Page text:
CAPE TOWN, South Africa -- South African President Cyril Ramaphosa announced Sunday that his country will return to stricter lockdown measures in the face of a sharp rise in covid-19 cases that indicate the virus is "surging again" in Africa's worst-affected nation.
Positive cases in South Africa in the past seven days were 31% higher than the week before, and 66% higher than the week before that, Ramaphosa said in a live TV address. He said some parts of the country, including the commercial hub Johannesburg and the capital city Pretoria, were now in "a third wave."
"We do not yet know how severe this wave will be or for how long it will last," he said.
In response, Ramaphosa said that beginning today the nighttime curfew will be extended by an hour to run from 11 p.m. to 4 a.m. A maximum of 100 people will be allowed at indoor social gatherings and no more than 250 at an outdoor gathering. The number of people attending funerals is limited to 100, and after-funeral gatherings are banned, he said. Nonessential businesses must close by 10 p.m.
"We have tended to become complacent," Ramaphosa said, warning that virus infections are surging at a time when the country moves into its winter months and people are more likely to gather indoors, likely further increasing infections.
South Africa's decision to go back to a stricter lockdown reinforces -- as the crisis in India has already done so starkly -- how the global pandemic is far from over.
"We have seen in other countries the tragic consequences of leaving the virus to spread unchecked," Ramaphosa said. "We cannot let our guard down."
South Africa has more than 1.6 million confirmed covid-19 cases and more than 56,000 deaths -- more than 30% of the cases and 40% of the deaths recorded by all of Africa's 54 countries, according to the Africa Centers for Disease Control and Prevention. South Africa recorded 4,515 new cases over the past 24 hours and Ramaphosa said the "positivity rate" among tests conducted was now "a cause for concern."
South Africa had been under lockdown level one, the lowest of its five levels, but was now reverting to an "adjusted level two," Ramaphosa announced. Authorities did stop short of reimposing the strict measures such as limits on people's movements during the day and a ban on alcohol and tobacco sales that were in place at times last year.
South Africa has seen two previous surges in infections, the first in the middle of last year and a second, much-worse wave in December and January, when the emergence of a variant pushed infections and deaths to higher levels than the first surge. The virus is currently following "the same trajectory" as those waves, Ramaphosa said.
Experts have warned that this wave, arriving with the Southern Hemisphere winter, might be even worse.
The surge in cases also cast more attention on South Africa's lagging vaccine rollout.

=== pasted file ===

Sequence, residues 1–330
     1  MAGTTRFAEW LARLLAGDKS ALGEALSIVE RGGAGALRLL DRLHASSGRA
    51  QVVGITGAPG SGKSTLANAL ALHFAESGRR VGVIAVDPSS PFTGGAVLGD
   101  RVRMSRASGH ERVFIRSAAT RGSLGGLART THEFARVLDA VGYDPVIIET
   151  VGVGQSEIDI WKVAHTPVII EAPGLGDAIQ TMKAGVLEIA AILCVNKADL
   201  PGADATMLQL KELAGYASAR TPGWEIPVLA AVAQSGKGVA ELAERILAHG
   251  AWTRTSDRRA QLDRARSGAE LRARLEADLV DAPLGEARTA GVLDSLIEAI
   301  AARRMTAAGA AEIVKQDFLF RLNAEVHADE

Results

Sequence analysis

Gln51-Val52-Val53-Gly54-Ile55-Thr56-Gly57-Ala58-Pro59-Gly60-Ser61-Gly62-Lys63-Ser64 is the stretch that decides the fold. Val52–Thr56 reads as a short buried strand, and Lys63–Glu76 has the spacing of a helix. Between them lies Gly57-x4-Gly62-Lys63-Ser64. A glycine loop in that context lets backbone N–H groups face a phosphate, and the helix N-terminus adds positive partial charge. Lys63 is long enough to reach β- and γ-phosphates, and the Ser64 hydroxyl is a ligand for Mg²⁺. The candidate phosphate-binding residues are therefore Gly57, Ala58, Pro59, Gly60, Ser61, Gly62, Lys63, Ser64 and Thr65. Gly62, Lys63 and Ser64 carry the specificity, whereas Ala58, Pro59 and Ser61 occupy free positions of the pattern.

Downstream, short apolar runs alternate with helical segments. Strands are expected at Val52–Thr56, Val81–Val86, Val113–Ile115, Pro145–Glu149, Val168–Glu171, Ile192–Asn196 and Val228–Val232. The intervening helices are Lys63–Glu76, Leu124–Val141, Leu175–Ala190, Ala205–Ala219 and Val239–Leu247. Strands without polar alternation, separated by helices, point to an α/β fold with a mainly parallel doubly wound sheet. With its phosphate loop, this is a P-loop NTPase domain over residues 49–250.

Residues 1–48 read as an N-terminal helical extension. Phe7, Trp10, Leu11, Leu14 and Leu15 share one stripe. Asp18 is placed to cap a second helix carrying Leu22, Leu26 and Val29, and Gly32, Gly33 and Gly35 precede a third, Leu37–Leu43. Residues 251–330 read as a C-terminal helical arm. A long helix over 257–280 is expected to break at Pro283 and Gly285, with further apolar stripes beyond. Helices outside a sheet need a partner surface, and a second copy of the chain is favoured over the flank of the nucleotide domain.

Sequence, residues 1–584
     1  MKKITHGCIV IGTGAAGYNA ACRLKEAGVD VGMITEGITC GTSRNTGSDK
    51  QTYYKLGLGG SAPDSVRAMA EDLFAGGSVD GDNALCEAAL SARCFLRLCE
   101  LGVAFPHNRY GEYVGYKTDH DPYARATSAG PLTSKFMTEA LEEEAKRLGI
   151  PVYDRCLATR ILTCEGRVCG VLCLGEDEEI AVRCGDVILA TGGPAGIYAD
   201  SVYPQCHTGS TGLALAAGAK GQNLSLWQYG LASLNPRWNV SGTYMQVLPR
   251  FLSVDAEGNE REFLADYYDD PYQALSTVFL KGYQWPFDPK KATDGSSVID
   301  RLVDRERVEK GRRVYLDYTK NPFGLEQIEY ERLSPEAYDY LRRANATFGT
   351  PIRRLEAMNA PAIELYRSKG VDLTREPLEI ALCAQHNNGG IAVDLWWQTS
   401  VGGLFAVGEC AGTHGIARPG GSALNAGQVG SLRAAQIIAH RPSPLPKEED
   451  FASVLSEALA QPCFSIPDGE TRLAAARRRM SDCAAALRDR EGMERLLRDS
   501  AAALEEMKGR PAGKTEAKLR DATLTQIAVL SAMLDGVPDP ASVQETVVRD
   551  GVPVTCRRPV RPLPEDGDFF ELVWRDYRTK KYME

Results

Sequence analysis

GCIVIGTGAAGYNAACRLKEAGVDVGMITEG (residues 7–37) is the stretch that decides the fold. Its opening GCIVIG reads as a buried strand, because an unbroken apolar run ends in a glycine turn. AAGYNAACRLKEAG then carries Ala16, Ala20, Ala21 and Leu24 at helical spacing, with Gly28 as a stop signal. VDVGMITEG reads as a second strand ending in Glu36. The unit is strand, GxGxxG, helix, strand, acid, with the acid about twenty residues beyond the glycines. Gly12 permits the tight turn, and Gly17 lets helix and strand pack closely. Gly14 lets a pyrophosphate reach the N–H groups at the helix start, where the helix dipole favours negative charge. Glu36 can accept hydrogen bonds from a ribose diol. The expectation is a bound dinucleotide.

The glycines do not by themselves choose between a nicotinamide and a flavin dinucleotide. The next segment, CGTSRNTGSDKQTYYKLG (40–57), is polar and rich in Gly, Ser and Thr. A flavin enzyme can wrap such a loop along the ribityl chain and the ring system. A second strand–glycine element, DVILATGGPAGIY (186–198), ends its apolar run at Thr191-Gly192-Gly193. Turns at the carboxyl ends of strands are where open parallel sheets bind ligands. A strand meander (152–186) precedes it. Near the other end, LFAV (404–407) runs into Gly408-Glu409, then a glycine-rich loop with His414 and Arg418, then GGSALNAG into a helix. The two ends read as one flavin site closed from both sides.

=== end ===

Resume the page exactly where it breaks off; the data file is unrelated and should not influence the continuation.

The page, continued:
Only about 1.5% of the country's 60 million people have received a vaccine. Health workers were the No. 1 priority, but fewer than 500,000 of the 1.2 million health workers have been vaccinated with the Johnson & Johnson one-dose shot. South Africa began vaccinating its elderly citizens only two weeks ago.
In total, 963,000 South Africans had received a vaccine by Sunday, the government said, with half of those having received only the first of two doses of the Pfizer-BioNTech vaccine.
South Africa has secured more than 50 million vaccines, Ramaphosa said, but currently has only 1.3 million doses in the country that are ready to be rolled out. More Pfizer-BioNTech doses are expected to arrive this week, and weekly after that, he said.
South Africa hopes to vaccinate 40 million people by the end of the year, a target that looks increasingly unlikely.
In Britain, meanwhile, the government may require National Health Service workers to be inoculated -- a contentious proposal that was immediately criticized by opposition leaders as counterproductive.
The U.K. government's vaccine minister, Nadhim Zahawi, told Sky News on Sunday that officials were considering the move in hopes of preventing medical workers from spreading covid-19 to their patients. The government has already asked the public to comment on a similar requirement for care-home employees.
"It's absolutely the right thing and would be incumbent on any responsible government to have the debate, to do the thinking as to how we go about protecting the most vulnerable by making sure that those who look after them are vaccinated," Zahawi said. "There is precedent for this. Obviously, surgeons get vaccinated for hepatitis B, so it is something that we are absolutely thinking about."
British authorities are scrambling to protect their plans to lift all restrictions June 21, allowing people to enjoy the summer holidays, amid concern about a fast-spreading variant that was first discovered in India. New infections and coronavirus-related deaths have risen over the past week, though the current figures are still a fraction of the levels reported during the January peak.
While Britain has Europe's highest coronavirus death toll, at more than 128,000 people, public health officials say the situation has improved since last winter because of the rapid rollout of vaccines. More than 74% of British adults have received at least one shot.
The opposition Labour Party was quick to condemn the proposal for compulsory vaccinations, saying it would be better to work with staff to address their concerns than to force them to get the shot.
"Given we have got a recruitment crisis in parts of the NHS, I think it's far more important we try and work with staff rather than against them," said lawmaker Thangam Debbonaire, a party spokesperson. "Threatening staff, I don't think, is a good idea."
Information for this article was contributed by Gerald Imray and Danica Kirka of The Associated Press.